A Georgetown University student was mugged at gunpoint, but blames his own privilege, making it clear that he can “can hardly blame” the people who mugged him. Oliver Friedfeld and his housemate at Georgetown were mugged by thieves who, according to the senior, were younger than he was.
“Who am I to stand from my perch of privilege, surrounded by million-dollar homes and paying for a $60,000 education, to condemn these young men as ‘thugs?’ It’s precisely this kind of ‘otherization’ that fuels the problem,” Friedfeld stated in an editorial he wrote for The Hoya, Georgetown University’s newspaper.
In the editorial, the Georgetown student stated that he lived in the most “privileged neighborhood” within a harshly unequal city.
“Not once did I consider our attackers to be ‘bad people.’ I trust that they weren’t trying to hurt me,” Friedfeld continued. “In fact, if they knew me, I bet they’d think I was okay.”
Friedfeld suggested that his life at Georgetown was due to a privilege that the people who mugged him could never know. He said their universes were “light years apart” from each other. He stated that there was a significant inequality gap in Washington, D.C.. He says this gap fuels crimes like gunpoint muggings. Friedfeld said that, due to his privilege growing up in a middle-class family, he has never been in a position where he felt the need to mug someone. He said that he had never even seen a gun, nor did he know where to get one.
“If we ever want opportunistic crime to end, we should look at ourselves first. Simply amplifying police presence will not solve the issue. Police protect us by keeping those ‘bad people’ out of our neighborhood, and I’m grateful for it. And yet, I realize it’s self-serving and doesn’t actually fix anything.”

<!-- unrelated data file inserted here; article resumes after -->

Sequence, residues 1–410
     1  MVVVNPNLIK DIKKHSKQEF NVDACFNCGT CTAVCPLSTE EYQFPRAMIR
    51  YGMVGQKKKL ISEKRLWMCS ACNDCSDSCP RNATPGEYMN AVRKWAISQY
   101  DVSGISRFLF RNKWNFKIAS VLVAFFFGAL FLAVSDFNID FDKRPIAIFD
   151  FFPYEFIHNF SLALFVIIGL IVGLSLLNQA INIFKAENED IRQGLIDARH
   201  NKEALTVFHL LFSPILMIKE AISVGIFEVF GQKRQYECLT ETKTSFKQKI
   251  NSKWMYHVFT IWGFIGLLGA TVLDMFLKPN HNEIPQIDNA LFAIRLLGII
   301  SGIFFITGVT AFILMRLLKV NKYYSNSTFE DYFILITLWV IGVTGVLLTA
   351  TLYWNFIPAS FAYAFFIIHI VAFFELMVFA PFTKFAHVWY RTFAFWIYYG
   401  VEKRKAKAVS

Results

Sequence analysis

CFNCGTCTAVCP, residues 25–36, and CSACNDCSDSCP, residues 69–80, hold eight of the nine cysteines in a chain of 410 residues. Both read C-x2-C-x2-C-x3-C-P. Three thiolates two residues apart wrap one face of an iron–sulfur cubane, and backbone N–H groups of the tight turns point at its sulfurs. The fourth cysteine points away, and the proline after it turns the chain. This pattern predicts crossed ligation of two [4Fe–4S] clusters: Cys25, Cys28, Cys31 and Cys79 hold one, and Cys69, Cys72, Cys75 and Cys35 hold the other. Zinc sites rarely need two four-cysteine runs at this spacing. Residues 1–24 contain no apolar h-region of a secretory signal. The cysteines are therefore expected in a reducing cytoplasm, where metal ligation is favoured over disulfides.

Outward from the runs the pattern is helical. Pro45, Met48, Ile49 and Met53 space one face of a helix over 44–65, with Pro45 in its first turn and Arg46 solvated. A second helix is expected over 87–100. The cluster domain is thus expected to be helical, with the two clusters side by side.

Friedfeld feels that instead of blaming the criminals, that people of privilege must learn to adapt to normalized crime, according to Campus Reform, until “the wrongs of the past are righted.”
“The millennial generation is taking over the reins of the world, and thus we are presented with a wonderful opportunity to right some of the wrongs of the past. Until we do so, we should get comfortable with sporadic muggings and break-ins. I can hardly blame them. The cards are all in our hands, and we’re not playing them.”
While the editorial was well received by some, other called the editorial victim-blaming.
Your tuition dollars at work, mom&dad: “White Student Mugged But Says His ‘White Privilege’ Forced Mugger to Attack” http://t.co/TqLKT4J5s0
— Leslie (@LADowd) November 26, 2014
“I suppose if you were murdered you’d blame yourself for that, too. Pathetic,” Niko Kostas wrote in response.
This is the kind of dumb that you can only get from being college educated: http://t.co/CEnWOvuRcs
— Carlton Hinds (@methuselaschild) November 26, 2014
“He wasn’t giving the muggers a pass at all – just noting that the quick dismissing of these ‘bad guys’ perpetuates the divide between people in our city,” Ron Castaldi responded to the author’s critics.
What do you think of the Georgetown University student’s editorial where he blamed being mugged on the privilege people in his position enjoy, and says that he can hardly cast blame onto his perpetrators?